Autumn 2008

Brain scans

chemical blocker: Progesterone seems to reduce swelling and slow damaging chemicals released after brain injuries.

Jon Rou

Cell Guard

Following traumatic brain injuries, progesterone may cushion the blow

By Mary J. Loftus

A bike accident, a sports injury, falling off a ladder, an improvised explosive device beside a war-torn roadway—a traumatic brain injury can occur in hundreds of different ways. And, ironically, the body’s response to such an injury actually does further damage, resulting in brain swelling and the death of additional brain cells.

At least 5.3 million Americans—about 2 percent of the population—live with disabilities from brain injuries, according to the Brain Trauma Foundation. About 1.5 to 2 million more receive brain injuries each year, which are major causes of death and disability among children and military personnel.

Despite the widespread impact, no effective medical treatments had been developed for traumatic brain injuries for nearly three decades—until now. Emory researchers discovered that giving progesterone to trauma victims shortly following the injury can help to reduce the risk of death and the degree of disability.

Researchers designed a three-year pilot study called ProTECT (Progesterone for Traumatic brain injury-Experimental Clinical Treatment). Results showed that progesterone given soon after the brain injury is safe, appears to cut the risk of death by 50 percent, and reduces subsequent disability.

David Wright, assistant professor in the Department of Emergency Medicine and the study’s lead author, says there is now hope of an effective treatment for traumatic brain injuries—and possibly other neurological injuries such as strokes, spinal cord injuries, and multiple sclerosis.

Neurobiologist Donald Stein, Asa G. Candler Professor of Emergency Medicine, who has been studying progesterone for nearly twenty years, first discovered its neuroprotective properties in his lab. “Our research found that male and female rats with brain injury developed less brain swelling and recovered more completely when they were treated with progesterone shortly following the injury,” Stein says. “The hormone seems to slow or block damaging chemicals that are released after a brain injury, protecting the brain from the death of brain cells.”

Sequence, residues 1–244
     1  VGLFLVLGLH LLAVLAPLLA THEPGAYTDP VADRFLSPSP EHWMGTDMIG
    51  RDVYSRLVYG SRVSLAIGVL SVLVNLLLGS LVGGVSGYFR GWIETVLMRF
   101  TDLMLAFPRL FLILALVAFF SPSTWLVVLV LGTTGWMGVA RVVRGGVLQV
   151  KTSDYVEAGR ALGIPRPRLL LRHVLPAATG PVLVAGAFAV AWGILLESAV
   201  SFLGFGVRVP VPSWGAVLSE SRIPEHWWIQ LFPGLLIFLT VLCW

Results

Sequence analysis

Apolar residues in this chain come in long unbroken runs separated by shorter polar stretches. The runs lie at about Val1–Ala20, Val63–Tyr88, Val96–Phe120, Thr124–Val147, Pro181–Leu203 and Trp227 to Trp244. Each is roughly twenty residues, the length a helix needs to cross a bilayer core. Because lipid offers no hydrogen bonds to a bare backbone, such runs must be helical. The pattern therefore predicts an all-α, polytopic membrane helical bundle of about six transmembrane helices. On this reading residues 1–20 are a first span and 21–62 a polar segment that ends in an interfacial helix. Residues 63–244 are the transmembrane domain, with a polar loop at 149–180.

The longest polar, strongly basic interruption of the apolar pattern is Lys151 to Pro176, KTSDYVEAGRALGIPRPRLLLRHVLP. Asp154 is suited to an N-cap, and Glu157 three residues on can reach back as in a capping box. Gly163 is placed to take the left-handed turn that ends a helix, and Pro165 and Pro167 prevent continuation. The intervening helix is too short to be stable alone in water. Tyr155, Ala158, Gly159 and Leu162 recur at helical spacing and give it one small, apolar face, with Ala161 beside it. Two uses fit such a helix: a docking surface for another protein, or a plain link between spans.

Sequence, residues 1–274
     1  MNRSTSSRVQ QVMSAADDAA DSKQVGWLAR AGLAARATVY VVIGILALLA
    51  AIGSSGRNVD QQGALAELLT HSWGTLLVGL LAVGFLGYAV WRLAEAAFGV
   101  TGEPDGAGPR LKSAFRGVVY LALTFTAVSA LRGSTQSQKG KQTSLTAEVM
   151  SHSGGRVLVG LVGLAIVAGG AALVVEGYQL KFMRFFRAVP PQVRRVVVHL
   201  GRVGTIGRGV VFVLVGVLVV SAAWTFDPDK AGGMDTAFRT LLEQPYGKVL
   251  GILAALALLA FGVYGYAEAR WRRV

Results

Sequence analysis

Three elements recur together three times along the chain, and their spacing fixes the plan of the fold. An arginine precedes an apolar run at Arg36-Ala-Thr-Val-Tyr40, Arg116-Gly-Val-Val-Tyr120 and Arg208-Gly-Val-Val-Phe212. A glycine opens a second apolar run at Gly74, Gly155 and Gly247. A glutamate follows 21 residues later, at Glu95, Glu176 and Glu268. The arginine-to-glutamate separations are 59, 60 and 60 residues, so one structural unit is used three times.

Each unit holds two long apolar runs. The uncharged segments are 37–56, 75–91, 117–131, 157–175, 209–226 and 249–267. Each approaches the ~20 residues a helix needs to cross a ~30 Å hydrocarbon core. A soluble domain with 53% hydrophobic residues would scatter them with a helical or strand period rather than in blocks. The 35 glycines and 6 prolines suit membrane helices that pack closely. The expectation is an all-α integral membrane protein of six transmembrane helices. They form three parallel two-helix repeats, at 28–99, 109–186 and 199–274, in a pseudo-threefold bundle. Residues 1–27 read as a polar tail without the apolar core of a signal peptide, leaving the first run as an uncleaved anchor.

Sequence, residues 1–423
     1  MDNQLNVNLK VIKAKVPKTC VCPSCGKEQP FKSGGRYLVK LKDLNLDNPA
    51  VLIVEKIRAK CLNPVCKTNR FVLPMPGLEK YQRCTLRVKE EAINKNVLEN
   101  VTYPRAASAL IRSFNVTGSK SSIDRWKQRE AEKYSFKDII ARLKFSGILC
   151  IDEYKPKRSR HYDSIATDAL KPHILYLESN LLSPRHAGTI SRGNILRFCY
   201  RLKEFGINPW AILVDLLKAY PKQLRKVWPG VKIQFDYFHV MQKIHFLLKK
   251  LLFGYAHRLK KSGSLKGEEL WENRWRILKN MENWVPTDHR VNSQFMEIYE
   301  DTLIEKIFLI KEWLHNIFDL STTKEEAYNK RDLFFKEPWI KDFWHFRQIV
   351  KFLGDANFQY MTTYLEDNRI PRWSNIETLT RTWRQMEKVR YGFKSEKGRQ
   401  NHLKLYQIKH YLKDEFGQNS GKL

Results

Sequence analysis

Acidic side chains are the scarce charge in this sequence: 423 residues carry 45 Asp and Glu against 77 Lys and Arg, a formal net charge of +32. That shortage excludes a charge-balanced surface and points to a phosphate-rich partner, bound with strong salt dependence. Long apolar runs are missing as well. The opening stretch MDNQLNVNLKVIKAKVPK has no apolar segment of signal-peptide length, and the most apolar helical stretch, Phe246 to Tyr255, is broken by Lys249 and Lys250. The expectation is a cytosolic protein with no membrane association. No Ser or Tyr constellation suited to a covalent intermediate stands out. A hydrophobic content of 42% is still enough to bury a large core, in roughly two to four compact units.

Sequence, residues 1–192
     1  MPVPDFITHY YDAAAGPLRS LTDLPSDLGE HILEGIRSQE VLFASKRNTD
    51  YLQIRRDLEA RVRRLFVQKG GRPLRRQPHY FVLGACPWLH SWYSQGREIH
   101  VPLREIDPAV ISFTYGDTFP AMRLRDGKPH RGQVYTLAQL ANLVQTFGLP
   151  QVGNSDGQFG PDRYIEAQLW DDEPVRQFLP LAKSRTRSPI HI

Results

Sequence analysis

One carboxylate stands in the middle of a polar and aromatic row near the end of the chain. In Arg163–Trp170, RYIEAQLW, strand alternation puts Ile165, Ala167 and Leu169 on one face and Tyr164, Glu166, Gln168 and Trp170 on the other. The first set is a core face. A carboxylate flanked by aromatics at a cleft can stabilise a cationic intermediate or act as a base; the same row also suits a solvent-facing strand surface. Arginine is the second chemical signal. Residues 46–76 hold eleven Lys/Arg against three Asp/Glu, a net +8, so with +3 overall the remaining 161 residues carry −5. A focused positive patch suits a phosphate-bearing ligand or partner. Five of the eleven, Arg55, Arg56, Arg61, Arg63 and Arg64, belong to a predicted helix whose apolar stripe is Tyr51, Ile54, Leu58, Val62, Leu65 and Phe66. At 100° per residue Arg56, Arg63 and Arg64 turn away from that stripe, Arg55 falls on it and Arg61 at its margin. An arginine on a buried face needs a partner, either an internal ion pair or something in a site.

Stein recently was named by Ladies’ Home Journal as one of four winners of the Health Breakthrough Award for 2008 for his work with progesterone and brain injuries.

Although widely considered a sex steroid, progesterone is also a neurosteroid present in small amounts in the brains of both males and females. Studies suggest that progesterone is critical for the normal development of neurons in the brain and has a protective effect on damaged tissue.

Study participants were enrolled at Grady Memorial Hospital’s Level 1 Trauma Center. To be a candidate, patients had to reach the hospital within eleven hours of injury and have experienced a “blunt” traumatic brain injury (typically from a car accident, motorcycle crash, or fall).

For 2009, the research team is planning a large, NIH-sponsored, multicenter clinical trial designed to test the effectiveness of progesterone in 1,140 patients with traumatic brain injuries. They also plan to study the effects of progesterone in treating ischemic stroke, blast-related brain injury, and pediatric brain injury.